Since the glory days of Ayrton Senna, racing’s gospel has held that coupes are for the track while convertibles, on the other hand, are what you take to town.

Part of this is because of basic engineering: A car with a roof is more aerodynamic than one without. A roof is also stronger and more rigid. From a physics perspective, taking a roof out of the equation turns a car heavy and wobbly.

The 2019 McLaren 600LT Spider, however, has evolved past such ancient axioms. It comes with a 592 bhp, 3.8-litre, twin-turbocharged V-8 engine and a zero-to-100 kmph sprint time of 2.8 seconds — both identical to the coupe version of the car. Top speed is around 323 kmph.

More crucial for those interested in dissecting power-to-weight ratios, the 600LT Spider weighs just 1,297 kg. It’s almost 80 kg lighter, by my estimate, than any direct competitors from Ferrari or Lamborghini.

The men and women at the brand’s factory in Woking, England, seem obsessive about saving weight. They made the glass on the 600LT Spider thinner than in previous models. They took out the carpeting in the footwells altogether. And they used netting, rather than door pockets, for storage and eliminated the glove box.

McLaren is also offering the skeletal seats from its Senna — which weigh a little over three kg each, a third lighter than typical racing seats — in the 600LT Spider. Buyers have the option to delete such outré nods to decadence as the radio and air conditioning. All of which bodes well for McLaren’s topless proposition. Before I drive the new Spider on the Arizona Motorsports Park track — and after a good two hours in it beforehand, passing through empty desert landscapes — I ask the car-maker’s lead pro driver, Danny Buxton, how a convertible could possibly be considered track-suitable by any serious driver.

“I forgot it was a convertible by the second turn,” he says.

Maybe he’s just biased, I think, as we alight from the command RV parked near the pit lane. It’s directly next door to the constant, deafening blast of F-18s doing daily rotations at the US Air Force base. The only thing louder is the row of Skittle-green, lantana-purple, and Fanta-orange 600LT Spiders awaiting review. But as I search for the correct line around those 16 turns in Arizona behind the wheel, I realize Buxton is right. McLarens are built using technology refined over decades spent in the Formula One world. (Brazilian champ Senna raced for McLaren, don’t forget.) For the 600LT Spider, that means it has the same MonoCell II chassis as the coupe. This is basically a carbon fibre tub, but one that doesn’t need any additional strengthening or reinforcement on a convertible — a compromise often required with a conventional steel or aluminum body.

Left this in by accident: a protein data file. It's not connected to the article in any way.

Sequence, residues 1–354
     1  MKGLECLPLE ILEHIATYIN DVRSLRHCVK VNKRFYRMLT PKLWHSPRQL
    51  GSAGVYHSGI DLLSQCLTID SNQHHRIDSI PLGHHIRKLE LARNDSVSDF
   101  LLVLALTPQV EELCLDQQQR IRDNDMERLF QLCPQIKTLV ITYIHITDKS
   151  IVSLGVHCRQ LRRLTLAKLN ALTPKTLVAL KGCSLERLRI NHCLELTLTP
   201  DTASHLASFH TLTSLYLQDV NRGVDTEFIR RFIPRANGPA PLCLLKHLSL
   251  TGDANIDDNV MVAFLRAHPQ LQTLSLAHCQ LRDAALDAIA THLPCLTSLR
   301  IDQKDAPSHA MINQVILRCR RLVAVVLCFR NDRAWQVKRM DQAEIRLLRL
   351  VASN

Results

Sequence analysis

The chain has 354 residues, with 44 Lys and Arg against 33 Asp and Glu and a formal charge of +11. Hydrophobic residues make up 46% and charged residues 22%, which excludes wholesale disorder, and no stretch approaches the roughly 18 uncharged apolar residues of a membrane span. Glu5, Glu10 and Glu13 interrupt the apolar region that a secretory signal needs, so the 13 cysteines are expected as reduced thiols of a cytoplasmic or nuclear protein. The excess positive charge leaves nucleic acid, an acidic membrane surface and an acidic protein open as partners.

Furthermore, the 600LT Spider has the same forged-aluminum, double-wishbone suspension as other, more expensive and barely road-legal McLaren cars. It has stiffer anti-roll bars than its predecessors, and the aerodynamic carbon fibre front splitter, side sills, diffuser, and rear wing glue it to the road with downright oppressive downforce.

It all makes for a visceral driving experience. The dual-clutch gearbox takes the car through its seven gears in a seamless orchestra of acceleration and aural thrill. Although the 600LT Spider doesn’t bark and growl like a Lamborghini Huracán (some would call that an asset), the exhaust pipes mounted high on the rear of the car and the small rectangular retractable rear window amplify every wheeze, even with the top up.

The brake-boosting system gives the pedals a pinpoint-precise feeling with every tap of the brakes. I particularly enjoyed the sharpness of the throttle response and the immediacy of the steering through each corner. If you leave this review knowing one thing about the drive personality of a McLaren, know that it gives unparalleled feedback to your hands and feet and hips and shoulder blades as you steer and brake. In the 600LT Spider, the scrim between car and driver is very thin.

What’s not to like? Well, visibility is compromised as you look back over each shoulder, even with the top down, thanks to the tall triangle headrests. The footwells in the cabin narrow down unexpectedly toward the front, which can feel tight if you drive for any extended length of time. And when the top’s down, stored under the tonneau cover, it takes up the already tiny 1.8-cubic-foot storage compartment in the back (though the full front trunk retains an adequate amount of space for a bag).

Still, compared with the increased power, reduced weight, improved technology, and — at a base price of $256,500 — the relative value of the car, those points are moot. Get past your knee-jerk reaction that a convertible doesn’t belong on the track. After all, you can always drive with the top up.